I’ve been using the Japanese Benriner mandoline for years. It does the trick, but I can’t stand the look of the safety device. So when I saw the de Buyer mandoline in a kitchen store, it was like Audrey Hepburn staring into the Tiffany’s window on Fifth Avenue. The robust and stainless steel body (safety device also steel!) had me hooked. Here are 10 attractive and functional options if you’re looking for your first mandoline or an upgrade.
Above: The Beechwood Cabbage Plane is designed for white and red cabbage and other raw vegetables. It’s made of untreated beechwood and has three stainless steel blades; €90 ($106) at Manufactum in Germany. Above: The de Buyer Mandoline Ultra Revolution is large—freestanding on nonslip feet—and includes one double blade and three julienne blades; $199.95 at Kerekes. You can also find a newer model, the de Buyer Revolution Dicing Machine, for $199.95 at Williams-Sonoma. Above: The Rösle Adjustable Slicer has 11 different options for vegetable thickness, a stainless steel replaceable blade, nonslip feet, and a handle for hanging; $70 at Sur la Table. Above: The Bron Coucke Original Stainless Steel Mandoline is used in professional kitchens and can be used for julienne, matchstick, french fry, and waffle cuts on any vegetable; $166.79 at A City Discount. Above: A European-style kraut cutter, the Cabbage Shredder from Shed, is made of light beechwood and has a single stainless blade; $24 at Shed in Healdsburg, California. Above: A Stainless Steel Mandoline Select from Euro store Magazin, cuts vegetables with three interchangeable blades; €40 ($47) at Magazin.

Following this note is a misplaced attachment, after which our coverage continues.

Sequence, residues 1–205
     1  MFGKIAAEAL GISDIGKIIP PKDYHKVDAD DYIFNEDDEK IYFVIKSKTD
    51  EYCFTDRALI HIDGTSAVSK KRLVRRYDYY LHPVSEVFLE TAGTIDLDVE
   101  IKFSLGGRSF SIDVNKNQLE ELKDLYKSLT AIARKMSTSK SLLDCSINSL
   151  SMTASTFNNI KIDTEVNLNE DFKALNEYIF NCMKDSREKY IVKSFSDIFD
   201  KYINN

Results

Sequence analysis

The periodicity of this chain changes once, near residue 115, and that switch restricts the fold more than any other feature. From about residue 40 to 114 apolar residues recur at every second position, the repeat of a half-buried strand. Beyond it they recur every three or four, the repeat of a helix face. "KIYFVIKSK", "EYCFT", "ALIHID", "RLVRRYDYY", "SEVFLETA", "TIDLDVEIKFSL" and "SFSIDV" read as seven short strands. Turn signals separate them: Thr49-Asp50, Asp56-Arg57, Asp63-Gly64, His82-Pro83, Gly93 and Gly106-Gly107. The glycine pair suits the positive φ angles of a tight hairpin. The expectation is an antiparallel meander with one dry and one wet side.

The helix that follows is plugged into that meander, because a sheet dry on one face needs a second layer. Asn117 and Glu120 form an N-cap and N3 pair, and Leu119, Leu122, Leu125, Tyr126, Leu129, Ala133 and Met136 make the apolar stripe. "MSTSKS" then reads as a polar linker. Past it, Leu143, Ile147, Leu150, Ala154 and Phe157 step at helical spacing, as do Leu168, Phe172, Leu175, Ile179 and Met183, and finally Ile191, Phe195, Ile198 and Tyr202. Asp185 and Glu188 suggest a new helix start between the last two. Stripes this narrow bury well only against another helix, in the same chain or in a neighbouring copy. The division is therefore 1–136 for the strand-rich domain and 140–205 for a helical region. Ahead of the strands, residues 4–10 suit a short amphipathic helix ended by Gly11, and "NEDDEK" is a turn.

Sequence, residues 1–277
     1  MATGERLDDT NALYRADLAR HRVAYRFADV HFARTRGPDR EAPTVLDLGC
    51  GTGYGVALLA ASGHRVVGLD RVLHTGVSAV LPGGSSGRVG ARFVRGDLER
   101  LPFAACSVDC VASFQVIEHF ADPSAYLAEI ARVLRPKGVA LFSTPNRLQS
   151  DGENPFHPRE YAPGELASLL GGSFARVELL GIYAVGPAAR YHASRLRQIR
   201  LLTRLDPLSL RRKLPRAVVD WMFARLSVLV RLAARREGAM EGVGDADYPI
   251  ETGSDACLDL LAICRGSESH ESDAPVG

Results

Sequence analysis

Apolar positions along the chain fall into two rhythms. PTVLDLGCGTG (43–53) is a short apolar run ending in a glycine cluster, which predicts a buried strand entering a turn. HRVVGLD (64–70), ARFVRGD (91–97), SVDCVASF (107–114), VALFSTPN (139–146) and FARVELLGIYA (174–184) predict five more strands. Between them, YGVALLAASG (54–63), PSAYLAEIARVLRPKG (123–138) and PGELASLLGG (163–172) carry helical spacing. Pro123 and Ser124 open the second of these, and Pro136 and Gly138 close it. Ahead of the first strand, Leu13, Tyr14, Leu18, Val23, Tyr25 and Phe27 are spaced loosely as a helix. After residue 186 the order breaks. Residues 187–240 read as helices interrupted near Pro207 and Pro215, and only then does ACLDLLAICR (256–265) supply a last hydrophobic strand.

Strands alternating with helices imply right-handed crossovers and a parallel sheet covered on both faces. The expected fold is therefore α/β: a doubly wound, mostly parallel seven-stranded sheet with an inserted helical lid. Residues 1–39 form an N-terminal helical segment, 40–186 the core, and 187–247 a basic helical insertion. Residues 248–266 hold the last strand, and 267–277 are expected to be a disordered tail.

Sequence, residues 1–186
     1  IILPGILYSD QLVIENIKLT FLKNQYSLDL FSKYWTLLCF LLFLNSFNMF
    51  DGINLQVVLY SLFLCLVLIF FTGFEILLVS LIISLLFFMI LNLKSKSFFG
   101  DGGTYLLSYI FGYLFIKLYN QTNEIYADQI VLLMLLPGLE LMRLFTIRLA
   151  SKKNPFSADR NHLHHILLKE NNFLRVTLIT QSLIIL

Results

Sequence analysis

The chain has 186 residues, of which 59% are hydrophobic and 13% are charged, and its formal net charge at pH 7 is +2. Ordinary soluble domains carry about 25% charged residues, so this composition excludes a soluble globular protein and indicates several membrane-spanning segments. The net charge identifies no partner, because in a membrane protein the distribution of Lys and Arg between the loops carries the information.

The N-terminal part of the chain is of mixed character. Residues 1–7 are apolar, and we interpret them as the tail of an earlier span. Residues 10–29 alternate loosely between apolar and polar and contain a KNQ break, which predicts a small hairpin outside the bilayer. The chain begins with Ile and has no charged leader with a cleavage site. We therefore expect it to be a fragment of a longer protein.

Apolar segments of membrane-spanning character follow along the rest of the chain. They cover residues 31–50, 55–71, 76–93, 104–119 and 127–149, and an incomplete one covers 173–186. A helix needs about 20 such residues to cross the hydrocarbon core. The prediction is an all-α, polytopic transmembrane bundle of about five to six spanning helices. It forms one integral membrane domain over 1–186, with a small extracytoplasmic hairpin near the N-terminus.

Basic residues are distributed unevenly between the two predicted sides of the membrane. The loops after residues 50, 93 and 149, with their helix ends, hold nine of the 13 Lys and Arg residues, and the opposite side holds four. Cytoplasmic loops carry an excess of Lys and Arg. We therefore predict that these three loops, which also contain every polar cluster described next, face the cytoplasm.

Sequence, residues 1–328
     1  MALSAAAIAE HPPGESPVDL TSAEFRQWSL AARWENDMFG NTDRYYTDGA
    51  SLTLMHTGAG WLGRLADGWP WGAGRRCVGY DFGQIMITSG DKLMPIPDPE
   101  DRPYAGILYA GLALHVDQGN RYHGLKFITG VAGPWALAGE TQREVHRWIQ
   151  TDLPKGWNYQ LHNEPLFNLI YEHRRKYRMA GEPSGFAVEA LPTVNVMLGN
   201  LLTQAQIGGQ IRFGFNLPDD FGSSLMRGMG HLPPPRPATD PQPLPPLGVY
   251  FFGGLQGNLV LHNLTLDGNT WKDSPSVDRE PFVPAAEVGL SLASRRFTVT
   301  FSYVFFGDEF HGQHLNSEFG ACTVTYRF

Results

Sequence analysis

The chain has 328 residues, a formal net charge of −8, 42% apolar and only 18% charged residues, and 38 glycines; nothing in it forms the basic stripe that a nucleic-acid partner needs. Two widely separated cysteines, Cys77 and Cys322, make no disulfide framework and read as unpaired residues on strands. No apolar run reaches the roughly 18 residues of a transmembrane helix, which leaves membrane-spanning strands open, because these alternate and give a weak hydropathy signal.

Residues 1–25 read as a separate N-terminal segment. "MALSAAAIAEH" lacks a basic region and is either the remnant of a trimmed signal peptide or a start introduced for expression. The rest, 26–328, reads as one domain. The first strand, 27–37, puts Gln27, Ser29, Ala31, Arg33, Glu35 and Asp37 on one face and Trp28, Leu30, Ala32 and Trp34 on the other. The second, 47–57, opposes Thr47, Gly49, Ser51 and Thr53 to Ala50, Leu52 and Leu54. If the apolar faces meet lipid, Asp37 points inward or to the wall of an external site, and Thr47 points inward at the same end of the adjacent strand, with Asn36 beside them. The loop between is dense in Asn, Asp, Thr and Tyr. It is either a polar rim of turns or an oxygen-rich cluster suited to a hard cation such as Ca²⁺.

Above: The Browne Mandolin Vegetable Slicer in stainless steel is freestanding and made for industrial kitchens. It comes with 38 different blades and is $163.56 at KaTom. Above: The Japanese Julienne Slicer and Bamboo Grater are both made in Kagoshima prefecture. One slicer has two types of blades for cutting carrots, daikon radishes, cucumbers, and other vegetables; the other was designed to grate daikon, onions, bread (for bread crumbs), and cheese; 1,620 JPY ($14) for the Julienne Slicer (left) and 1,620 JPY ($14) for the Bamboo Grater (right) at Envelope in Japan. Above: The Super Benriner Mandoline is the only plastic mandoline on our list but earns its ranking from being so effective (I can attest; I’ve had one for years). It comes with three blades (fine, medium, and coarse) and is adjustable for veg thickness; $65 at Sur la Table. Above: Another Bron Coucke Mandoline Vegetable Slicer has the standard slicing capabilities with the option for decorative slices. It’s all stainless and has a wood handle; €203 ($240) at Manufactum in Germany.
For more kitchen tools and ideas, see our posts: